The High Plains Zone, located west of US-283 highway, has a first segment that runs through Dec. 31 and a second segment that runs Jan. 12-27, 2019. The Low Plains Early Zone, which includes the Cheyenne Bottoms, Jamestown Wildlife Area and McPherson Wetlands, has a first segment that runs until Dec. 16, with a second segment Dec. 22-30. Woodcock season also opened statewide on Saturday and runs through Nov. 26.
Jamestown had between 2,000 and 4,000 ducks in the area as of Thursday, according to the Kansas Department of Wildlife, Parks and Tourism, but birds reportedly were widespread on private lands because of recent flooding. McPherson also was under extreme flood conditions but had 4,000 to 4,500 birds in the area.
Cheyenne Bottoms estimates were around 20,000 birds, but the heavy flooding made it difficult to get a solid estimate. Poor road conditions are expected, according to the agency, and Redwing Road was closed completely at the low water crossing.
Reno County, the northern part of which sits partially in the Low Plains Early Zone, was hit pretty hard by flooding, with several people requiring rescue. Quivira National Wildlife Refuge sits along the northwest corner of the county, not far south of the Cheyenne Bottoms to the west and McPherson Wetlands to the east.
The Low Plains Late Zone, in which most of northeast Kansas resides, doesn’t start until Oct. 27 and will run through Dec. 30 for its first segment, followed by a second segment after the New Year, Jan. 19-27. That will coincide with the two-day statewide Canada goose and light goose first segment Oct. 27-28, before a second segment opens Nov. 7-Feb. 19, 2019, for both species. The light goose extended conservation season runs Feb. 18-April 30, 2019.
The white-fronted goose first segment also will begin Oct. 27, but runs through Dec. 30 before reopening in 2019 from Jan. 26-Feb. 17.
The week prior to the start of the Low Plains Late Zone season, Oct. 21-22, will be northeast Kansas’ youth waterfowl season. I look forward to hearing from hunters and seeing some photos from the hunt.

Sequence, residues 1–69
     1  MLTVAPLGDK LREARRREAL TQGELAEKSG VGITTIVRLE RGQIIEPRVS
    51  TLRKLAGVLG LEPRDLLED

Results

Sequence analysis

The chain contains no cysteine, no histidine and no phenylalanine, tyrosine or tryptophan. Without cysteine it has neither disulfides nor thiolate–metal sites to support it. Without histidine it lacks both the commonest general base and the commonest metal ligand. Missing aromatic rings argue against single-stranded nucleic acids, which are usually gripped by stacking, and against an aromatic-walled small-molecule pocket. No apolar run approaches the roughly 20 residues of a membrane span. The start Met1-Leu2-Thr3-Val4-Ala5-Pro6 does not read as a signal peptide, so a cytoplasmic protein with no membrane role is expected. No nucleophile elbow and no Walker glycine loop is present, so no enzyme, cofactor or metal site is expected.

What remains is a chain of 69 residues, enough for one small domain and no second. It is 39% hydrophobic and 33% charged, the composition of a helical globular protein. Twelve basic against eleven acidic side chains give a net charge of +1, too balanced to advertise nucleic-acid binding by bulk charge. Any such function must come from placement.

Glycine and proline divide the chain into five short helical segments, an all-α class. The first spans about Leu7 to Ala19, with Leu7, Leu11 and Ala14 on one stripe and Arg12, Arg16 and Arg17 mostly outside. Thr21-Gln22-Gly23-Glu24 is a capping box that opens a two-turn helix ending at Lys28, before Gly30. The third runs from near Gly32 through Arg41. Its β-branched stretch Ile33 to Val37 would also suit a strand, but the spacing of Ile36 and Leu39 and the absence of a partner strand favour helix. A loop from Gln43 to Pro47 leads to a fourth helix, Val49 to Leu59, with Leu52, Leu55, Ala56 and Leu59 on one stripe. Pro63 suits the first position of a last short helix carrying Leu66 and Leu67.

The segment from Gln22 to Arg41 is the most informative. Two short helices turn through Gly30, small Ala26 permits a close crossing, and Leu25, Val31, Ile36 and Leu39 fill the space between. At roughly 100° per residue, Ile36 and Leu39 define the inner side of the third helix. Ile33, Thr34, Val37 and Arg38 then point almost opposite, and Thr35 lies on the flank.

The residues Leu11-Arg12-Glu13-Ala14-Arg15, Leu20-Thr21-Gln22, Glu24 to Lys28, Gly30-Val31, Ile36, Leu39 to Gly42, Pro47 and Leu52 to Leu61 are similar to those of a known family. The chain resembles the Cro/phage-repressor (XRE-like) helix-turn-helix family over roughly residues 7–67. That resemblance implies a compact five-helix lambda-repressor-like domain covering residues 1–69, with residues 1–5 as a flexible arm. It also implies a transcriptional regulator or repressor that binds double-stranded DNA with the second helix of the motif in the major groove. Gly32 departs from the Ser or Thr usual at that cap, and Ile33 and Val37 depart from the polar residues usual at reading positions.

The daily bag limit for ducks will be six, including no more than five mallards — two of which may be hens; three wood ducks; three scaup; two pintails; two redheads; and two canvasbacks. Possession limit is three times the daily bag limit. Mergansers are limited to five per day, including only two hooded mergansers, while up to 15 coots may be taken per day with a 45-bird possession limit.
The Canada goose bag limit is six, including Brant, and the white-fronted goose limit is two. The light goose limit is 50 per day with no possession limit, and an unlimited bag limit during the extended season beginning in February.
A Kansas HIP stamp, state waterfowl stamp and federal waterfowl stamp are all required, in addition to a valid Kansas hunting license for hunters over the age of 16, to pursue waterfowl.
The pre-rut antlerless whitetail deer season is over, as well as the muzzleloader season, but deer hunters can still take full advantage of the archery season during the pre-rut while waiting for the regular firearm season, which runs from Nov. 28 through Dec. 9 statewide.
The archery season runs through the end of the year, with short extended seasons in certain units after the New Year.
The state released a warning recently to watch out for deer on roadways, as they are currently seeking out food sources ahead of the rut as crops are harvested.
One reader snapped a couple good photos of deer in his area. Dale Hossfeld, who lives in southwest Topeka and often submits wildlife photos and trail camera videos from his backyard, had a photo of a nice buck taken on Sept. 3. He also had a photo of a doe and her twin fawns.
“I am afraid this guy’s days are numbered with a rack like this,” Hossfeld said. “I’ve offered to let him sleep in the basement until after hunting season, he said he will think about it.”
The deer population in Kansas is generally pretty healthy, but in past years there have been reports of Chronic Wasting Disease, Epizootic Hemorrhagic Disease and foot rot. In Michigan, wildlife officials recently warned hunters to be wary of bovine tuberculosis, which can infect humans and farm animals. The disease causes legions on deer’s lymph nodes, lungs or the rest of the body. So far, Michigan is the only state where the disease has been reported in wild deer herds.